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Mixing Bowl (Krater) with Funerary Scenes

The red-figure technique migrated to southern Italy along with Greek colonists. Red-figure pottery made in this region during the fourth and third centuries BC, however, had developed its own distinctive approach. It is characterized by ornate floral forms, female heads as decorative elements, and the extensive use of added color—all of which appear on this krater. Moreover, in this region these large mixing bowls came to be used as funerary monuments, and the scenes on this krater support this function. One side of the vessel illustrates a female and a male mourner bringing commemorative gifts to a stele (gravestone) decorated with black and white ribbons. The other side shows a deceased young man, seated within a shrine in the underworld. He is flanked by attendants; on one side a woman brings an open box and, on the other, a male attendant holds an offering dish.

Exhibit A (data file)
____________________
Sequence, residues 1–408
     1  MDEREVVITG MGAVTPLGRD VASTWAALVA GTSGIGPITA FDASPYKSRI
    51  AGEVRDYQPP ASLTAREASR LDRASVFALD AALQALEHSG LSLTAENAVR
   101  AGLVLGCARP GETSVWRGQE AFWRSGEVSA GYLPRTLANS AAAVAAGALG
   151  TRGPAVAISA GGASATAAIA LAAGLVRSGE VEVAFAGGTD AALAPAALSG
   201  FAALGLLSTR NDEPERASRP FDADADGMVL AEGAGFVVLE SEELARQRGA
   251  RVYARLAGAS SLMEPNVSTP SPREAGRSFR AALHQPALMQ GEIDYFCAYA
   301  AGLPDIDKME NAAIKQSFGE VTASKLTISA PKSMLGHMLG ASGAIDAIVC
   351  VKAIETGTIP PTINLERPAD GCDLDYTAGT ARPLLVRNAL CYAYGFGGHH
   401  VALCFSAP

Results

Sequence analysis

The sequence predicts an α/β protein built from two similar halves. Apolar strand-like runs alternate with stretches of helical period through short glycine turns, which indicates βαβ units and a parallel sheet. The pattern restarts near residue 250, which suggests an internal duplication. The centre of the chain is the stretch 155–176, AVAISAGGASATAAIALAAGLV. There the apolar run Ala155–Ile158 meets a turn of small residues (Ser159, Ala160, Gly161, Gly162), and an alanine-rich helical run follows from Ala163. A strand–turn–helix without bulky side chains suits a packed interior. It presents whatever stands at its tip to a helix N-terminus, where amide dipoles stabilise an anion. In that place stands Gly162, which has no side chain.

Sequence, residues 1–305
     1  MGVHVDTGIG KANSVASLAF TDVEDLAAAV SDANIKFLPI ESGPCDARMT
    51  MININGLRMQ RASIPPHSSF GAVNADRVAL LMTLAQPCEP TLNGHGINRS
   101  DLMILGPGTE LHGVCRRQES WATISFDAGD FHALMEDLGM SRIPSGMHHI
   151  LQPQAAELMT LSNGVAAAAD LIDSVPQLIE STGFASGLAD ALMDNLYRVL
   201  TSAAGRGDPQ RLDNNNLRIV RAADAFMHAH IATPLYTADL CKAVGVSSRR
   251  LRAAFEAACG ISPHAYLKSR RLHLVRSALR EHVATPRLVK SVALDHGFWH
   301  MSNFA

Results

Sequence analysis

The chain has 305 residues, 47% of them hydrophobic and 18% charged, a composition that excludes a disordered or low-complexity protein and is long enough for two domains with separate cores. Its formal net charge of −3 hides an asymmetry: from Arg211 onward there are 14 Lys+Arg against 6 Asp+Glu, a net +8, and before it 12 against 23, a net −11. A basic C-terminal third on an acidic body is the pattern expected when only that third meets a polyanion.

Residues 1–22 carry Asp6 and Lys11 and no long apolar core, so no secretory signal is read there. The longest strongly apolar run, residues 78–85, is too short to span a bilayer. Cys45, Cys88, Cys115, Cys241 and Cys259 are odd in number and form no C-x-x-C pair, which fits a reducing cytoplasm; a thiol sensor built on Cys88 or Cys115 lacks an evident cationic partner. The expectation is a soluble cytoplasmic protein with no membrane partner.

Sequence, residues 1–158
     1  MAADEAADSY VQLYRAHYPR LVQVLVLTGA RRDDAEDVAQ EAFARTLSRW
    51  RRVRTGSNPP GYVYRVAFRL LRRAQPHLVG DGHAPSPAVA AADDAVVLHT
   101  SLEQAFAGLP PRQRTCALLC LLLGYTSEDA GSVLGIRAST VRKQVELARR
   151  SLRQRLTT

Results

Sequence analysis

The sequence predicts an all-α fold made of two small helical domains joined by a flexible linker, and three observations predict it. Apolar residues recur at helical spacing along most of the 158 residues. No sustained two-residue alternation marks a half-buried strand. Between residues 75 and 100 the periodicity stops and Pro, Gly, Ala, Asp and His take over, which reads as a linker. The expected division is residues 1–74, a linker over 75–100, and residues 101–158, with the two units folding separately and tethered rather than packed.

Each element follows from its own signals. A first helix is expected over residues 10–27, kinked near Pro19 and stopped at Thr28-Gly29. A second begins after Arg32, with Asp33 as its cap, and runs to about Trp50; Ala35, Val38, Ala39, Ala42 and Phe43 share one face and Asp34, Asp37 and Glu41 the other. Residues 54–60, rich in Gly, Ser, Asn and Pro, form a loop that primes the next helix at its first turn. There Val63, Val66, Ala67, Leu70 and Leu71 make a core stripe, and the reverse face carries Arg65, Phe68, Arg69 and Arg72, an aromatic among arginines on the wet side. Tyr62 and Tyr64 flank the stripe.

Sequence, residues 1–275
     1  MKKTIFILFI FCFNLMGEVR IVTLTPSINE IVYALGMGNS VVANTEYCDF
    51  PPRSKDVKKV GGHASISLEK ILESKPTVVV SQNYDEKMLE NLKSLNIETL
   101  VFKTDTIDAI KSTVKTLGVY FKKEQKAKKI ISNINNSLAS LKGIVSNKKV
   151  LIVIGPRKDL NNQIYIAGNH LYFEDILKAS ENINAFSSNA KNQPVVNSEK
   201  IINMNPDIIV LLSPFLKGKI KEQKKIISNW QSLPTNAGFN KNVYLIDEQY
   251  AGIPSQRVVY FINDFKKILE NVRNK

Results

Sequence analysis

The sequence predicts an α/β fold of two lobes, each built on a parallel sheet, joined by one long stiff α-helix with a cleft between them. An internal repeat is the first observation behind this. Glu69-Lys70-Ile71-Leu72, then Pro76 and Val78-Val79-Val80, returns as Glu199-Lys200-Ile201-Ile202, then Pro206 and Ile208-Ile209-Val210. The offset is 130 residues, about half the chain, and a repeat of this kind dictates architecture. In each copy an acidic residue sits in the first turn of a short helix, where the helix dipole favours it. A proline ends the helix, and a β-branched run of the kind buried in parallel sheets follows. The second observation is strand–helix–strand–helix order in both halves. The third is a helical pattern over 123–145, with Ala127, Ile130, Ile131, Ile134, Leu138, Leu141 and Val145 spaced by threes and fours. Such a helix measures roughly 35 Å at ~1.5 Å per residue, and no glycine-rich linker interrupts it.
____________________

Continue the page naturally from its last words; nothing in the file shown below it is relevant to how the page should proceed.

Greek, made in Apulia (Italy)
Attributed to the Underworld Painter Workshop
Mixing Bowl (Krater) with Funerary Scenes
Hellenistic period, ca. 330–300 BC
Terracotta, added color, added relief elements
H. 29 1/2 in. (75.0 cm)
Sidney and Lois Eskenazi Museum of Art, 79.45